future, so are many tourist areas being
ruined by thoughtless exploitation.
There can be little doubt that Negril's
success, even at times when other
Jamaican resorts experience decline,
can be largely attributed to its unique
physical and social environment. It at-
tracts visitors who seek relaxation in a
naturally beautiful place which allows
them ready contact with the people of
the country. This is in sharp contrast
with the very artificial tourist ghettoes in
other parts of Jamaica which often
seem to be designed to isolate the

tourist from the beauty and life of the
It is the special quality of Negril
which is now being marketed by its
promoters. The brochure, 'Negril,
Jamaica' produced for the Negril Area
Land Authority by the Urban Develop-
ment Corporation and the Jamaica
Tourist Board, makes this perfectly
clear. It is the natural beauty of the place
which is emphasized: "Negril is beauty.
It is the contrast between the wide
tranquil bays of the beachlands and the
wild tropical beauty of the West End,
where lush and vibrant vegetation grow
almost to the verge of craggy limestone
cliffs honeycombed by the timeless ac-
tion of the sea and laced by coral for-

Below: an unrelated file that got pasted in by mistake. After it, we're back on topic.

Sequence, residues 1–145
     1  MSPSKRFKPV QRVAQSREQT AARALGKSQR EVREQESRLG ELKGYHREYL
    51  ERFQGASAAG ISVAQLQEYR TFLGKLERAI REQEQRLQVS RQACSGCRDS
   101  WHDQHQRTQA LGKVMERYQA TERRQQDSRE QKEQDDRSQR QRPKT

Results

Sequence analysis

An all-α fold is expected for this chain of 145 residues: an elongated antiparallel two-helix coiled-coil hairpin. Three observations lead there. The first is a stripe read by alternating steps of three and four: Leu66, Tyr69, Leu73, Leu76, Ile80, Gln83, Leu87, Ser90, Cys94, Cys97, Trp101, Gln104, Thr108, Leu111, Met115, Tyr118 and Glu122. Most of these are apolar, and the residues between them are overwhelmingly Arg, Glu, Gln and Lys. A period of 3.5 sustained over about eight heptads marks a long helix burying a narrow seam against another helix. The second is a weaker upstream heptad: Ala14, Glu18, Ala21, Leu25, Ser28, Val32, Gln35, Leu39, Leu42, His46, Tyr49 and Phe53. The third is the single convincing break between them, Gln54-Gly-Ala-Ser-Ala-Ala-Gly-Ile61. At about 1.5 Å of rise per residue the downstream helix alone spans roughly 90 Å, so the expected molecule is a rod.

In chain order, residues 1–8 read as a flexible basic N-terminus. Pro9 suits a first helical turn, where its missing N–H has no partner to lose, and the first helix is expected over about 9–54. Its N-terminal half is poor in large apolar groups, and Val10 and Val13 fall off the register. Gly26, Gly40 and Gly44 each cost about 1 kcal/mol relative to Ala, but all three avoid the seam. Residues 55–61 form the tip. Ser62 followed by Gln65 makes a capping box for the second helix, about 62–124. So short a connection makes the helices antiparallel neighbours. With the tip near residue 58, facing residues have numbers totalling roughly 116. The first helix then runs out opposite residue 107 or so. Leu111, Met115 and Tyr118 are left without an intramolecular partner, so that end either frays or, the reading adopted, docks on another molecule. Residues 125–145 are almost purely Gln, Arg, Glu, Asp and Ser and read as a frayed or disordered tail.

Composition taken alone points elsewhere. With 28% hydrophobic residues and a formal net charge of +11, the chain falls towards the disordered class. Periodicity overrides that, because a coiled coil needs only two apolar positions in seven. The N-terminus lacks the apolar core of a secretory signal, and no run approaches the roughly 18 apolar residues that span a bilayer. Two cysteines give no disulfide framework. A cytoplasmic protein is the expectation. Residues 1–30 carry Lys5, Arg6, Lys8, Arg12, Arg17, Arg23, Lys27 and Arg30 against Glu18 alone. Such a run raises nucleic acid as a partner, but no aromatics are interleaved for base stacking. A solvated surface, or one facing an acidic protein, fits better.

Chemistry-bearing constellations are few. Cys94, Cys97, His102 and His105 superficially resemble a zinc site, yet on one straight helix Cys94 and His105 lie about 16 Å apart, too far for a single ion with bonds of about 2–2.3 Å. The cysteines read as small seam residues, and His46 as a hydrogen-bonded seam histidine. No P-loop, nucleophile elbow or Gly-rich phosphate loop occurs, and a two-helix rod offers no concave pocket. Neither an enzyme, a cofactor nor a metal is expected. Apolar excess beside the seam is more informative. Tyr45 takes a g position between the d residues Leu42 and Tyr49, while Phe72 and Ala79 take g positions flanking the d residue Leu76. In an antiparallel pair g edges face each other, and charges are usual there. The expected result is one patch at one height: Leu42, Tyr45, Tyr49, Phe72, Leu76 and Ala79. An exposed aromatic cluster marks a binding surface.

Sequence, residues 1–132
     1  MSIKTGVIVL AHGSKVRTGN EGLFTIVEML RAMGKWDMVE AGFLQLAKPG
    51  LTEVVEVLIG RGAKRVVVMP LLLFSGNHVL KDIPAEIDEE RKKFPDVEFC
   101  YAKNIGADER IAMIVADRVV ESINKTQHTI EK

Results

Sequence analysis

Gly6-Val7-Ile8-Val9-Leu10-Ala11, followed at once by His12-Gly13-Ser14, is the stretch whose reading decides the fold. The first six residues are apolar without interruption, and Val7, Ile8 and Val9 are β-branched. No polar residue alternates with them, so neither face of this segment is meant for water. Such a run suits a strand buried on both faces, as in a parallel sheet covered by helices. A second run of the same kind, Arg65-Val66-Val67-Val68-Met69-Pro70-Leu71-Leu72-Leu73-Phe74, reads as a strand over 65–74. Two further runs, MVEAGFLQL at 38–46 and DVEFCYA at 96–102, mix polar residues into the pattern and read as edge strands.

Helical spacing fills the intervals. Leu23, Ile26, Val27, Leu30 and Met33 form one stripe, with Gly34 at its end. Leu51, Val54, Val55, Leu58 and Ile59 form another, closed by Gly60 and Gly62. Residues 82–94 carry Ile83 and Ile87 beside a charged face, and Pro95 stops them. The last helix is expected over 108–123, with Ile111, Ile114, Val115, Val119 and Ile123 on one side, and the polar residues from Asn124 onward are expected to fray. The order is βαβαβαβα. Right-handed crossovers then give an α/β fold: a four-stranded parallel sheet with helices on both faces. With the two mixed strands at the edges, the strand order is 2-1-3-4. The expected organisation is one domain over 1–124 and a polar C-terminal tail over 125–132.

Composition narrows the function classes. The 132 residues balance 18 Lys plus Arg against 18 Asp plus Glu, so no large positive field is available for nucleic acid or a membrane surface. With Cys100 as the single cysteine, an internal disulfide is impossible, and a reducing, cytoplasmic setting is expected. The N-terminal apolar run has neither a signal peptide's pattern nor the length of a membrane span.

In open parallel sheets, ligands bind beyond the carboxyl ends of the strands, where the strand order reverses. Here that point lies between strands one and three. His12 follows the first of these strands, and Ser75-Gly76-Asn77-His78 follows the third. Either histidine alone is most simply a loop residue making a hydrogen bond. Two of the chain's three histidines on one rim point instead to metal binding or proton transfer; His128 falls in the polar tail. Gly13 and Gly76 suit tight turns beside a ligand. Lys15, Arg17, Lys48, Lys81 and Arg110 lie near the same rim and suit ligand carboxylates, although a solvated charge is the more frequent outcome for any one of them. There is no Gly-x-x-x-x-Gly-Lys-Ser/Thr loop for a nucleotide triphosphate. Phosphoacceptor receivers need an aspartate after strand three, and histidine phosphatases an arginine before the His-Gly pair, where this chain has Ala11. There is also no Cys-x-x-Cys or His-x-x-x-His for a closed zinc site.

The brochure describes in detail
Negril's natural sights and sounds, re-
ferring to the sea coves, natural vegeta-
tion, wild birds and marine life. It makes
a virtue out of the absence or scarcity of
many of the features and amenities
commonly associated with more de-

veloped resorts: "Getting to Booby Cay
can be fun. There is no landing jetty, so
you have to wade to shore from your
boat or swim from the mainland ...;
"rustic thatch roof cottages that have
no electricity. The visitor's night is
lighted by a kerosene lamp on which is
inscribed Home Sweet Home;" "Tele-
phones ... are not allowed to intrude
too loudly ... people don't miss their
radios and television sets," etc., etc.
The vacation activities mentioned in
the brochure are in keeping with the
peaceful natural setting so vividly de-
scribed: walking, strolling, jogging,
swimming, snorkelling, scuba-diving,
sailing, fishing, water-skiing, but, above
all, relaxing in and enjoying the natural
sights and sounds of a tropical island.
"Watching the sun set might, in itself,
be the high point of your stay in Negril;"
"... the only sound you hear is the sea
lapping on the shore and birds warbling
in the thick vegetation."
If these natural attributes of Negril

are the basis for its success as a tourist
resort, the implications for develop-
ment are obvious. To conserve the
unique environment of Negril so that it
remains a productive tourist resource
for many years to come will require
strict and careful management. Devel-
opment must be of a kind, in locations,